Frontier Nerds has an excellent guide to toy EEGs (the commercially available ‘mind control’ games) and detailed instructions on how to hack the MindFlex to use it as a brain-computer interface.
In the last year or so, numerous ‘mind control’ games have appeared that are essentially cheap consumer EEG devices with a dull as ditch-water games attached. For example, the ‘Force Trainer‘ reads off EEG signals and levitates a ball. Yes, that’s it.
There are developer’s kits available for some of the products but they tend to be quite expensive. Frontier Nerds realised you can buy a cheaper model and with a little messing around can pull the data right off the electronics.
Even if you’ve no intention of hacking any of these devices, the piece is an interesting look inside the construction of these toy EEGs.
As we’ve mentioned before, it should be possible to do some serious science of sorts with these devices.
Because the data is so noisy, almost all EEG experiments, even in the best equipped labs, get people to do the same thing over and over and then average the signals to filter out the noise. This is why EEG experiments can be a bit dull to take part in as there tends to be lots of repetition. In a second stage each person’s EEG signals are averaged together to get an overall effect.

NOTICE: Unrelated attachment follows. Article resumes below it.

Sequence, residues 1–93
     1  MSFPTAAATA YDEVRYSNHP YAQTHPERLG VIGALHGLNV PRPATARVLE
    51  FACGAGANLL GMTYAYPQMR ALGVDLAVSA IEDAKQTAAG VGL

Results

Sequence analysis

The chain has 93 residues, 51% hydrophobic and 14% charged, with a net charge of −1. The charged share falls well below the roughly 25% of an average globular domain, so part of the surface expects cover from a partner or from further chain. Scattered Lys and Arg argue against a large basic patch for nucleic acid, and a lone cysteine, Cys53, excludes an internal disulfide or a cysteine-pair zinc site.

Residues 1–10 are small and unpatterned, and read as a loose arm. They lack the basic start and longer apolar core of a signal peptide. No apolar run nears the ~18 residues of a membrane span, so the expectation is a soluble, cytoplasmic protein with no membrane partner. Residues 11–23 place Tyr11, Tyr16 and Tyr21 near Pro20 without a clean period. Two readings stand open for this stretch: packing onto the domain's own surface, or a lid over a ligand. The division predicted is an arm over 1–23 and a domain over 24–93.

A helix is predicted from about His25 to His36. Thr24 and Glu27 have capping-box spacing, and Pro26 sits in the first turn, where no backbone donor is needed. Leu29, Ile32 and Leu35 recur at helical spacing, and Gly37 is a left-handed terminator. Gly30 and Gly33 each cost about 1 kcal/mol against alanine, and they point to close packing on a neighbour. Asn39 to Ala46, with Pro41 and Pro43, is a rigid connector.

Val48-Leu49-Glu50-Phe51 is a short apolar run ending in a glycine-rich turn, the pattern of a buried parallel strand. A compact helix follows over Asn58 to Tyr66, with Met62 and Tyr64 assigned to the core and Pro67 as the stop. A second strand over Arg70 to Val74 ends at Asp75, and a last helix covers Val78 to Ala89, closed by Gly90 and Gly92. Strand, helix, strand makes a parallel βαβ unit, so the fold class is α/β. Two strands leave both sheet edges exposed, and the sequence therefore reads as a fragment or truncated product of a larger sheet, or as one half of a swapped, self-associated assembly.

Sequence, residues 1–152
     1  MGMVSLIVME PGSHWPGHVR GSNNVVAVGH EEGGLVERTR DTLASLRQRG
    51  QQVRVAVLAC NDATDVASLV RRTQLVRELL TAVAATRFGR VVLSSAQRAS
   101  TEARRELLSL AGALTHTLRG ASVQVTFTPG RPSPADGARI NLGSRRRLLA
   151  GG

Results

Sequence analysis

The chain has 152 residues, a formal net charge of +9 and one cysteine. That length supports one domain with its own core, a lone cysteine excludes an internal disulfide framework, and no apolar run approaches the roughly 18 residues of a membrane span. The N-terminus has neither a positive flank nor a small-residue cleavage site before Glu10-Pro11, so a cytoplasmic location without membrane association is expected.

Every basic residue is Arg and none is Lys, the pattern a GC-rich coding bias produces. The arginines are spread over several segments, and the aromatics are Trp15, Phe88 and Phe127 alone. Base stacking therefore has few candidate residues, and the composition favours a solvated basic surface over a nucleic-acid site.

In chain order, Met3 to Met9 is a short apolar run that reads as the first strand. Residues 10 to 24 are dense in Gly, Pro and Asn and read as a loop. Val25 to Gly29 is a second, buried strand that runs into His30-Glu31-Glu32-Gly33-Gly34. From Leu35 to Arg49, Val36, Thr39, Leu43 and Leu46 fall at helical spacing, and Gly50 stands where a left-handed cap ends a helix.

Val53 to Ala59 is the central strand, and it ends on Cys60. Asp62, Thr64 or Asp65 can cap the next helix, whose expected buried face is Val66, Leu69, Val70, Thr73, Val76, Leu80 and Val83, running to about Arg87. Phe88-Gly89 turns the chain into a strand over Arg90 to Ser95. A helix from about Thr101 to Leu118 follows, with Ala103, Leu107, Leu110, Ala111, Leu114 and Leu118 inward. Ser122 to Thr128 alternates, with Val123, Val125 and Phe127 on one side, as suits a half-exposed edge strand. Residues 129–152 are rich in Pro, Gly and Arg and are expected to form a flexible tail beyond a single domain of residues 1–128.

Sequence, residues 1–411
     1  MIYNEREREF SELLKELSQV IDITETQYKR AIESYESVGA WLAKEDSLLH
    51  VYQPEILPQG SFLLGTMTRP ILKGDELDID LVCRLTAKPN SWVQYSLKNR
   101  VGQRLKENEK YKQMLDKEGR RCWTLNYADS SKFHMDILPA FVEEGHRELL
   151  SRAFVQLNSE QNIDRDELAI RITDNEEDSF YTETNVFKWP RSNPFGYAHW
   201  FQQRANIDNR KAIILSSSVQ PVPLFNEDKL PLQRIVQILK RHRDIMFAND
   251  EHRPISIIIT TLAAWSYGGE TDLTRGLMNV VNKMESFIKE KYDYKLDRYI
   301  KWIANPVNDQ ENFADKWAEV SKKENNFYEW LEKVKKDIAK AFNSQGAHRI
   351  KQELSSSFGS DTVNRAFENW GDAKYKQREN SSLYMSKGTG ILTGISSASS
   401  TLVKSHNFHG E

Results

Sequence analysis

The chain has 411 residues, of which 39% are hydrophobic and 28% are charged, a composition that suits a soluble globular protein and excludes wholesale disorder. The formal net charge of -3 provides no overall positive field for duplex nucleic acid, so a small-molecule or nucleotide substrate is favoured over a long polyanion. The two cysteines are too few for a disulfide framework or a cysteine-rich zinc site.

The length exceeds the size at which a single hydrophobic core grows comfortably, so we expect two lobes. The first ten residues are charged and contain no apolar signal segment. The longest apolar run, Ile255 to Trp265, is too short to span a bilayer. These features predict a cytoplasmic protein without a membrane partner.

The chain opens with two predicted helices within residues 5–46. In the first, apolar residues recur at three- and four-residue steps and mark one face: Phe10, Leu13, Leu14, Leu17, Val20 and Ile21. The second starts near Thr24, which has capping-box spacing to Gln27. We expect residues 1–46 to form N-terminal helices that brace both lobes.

You could potentially have an internet-based experiment that uses these devices which people can try at home, and with a large enough data set, get a reliable result.
It won’t have the precision of a lab-based set-up, but it could still be useful.
Link to Frontier Nerds guide to hacking toy EEGs.
2 thoughts on “Hacking toy EEGs”
Seems that for just a little more money down (~$100USD total) you can get an OCZ NIA that is ready for hacking off the shelf using python code: http://code.google.com/p/pynia/
wow, someday you can control your electronic devices with EEG or similar technologies.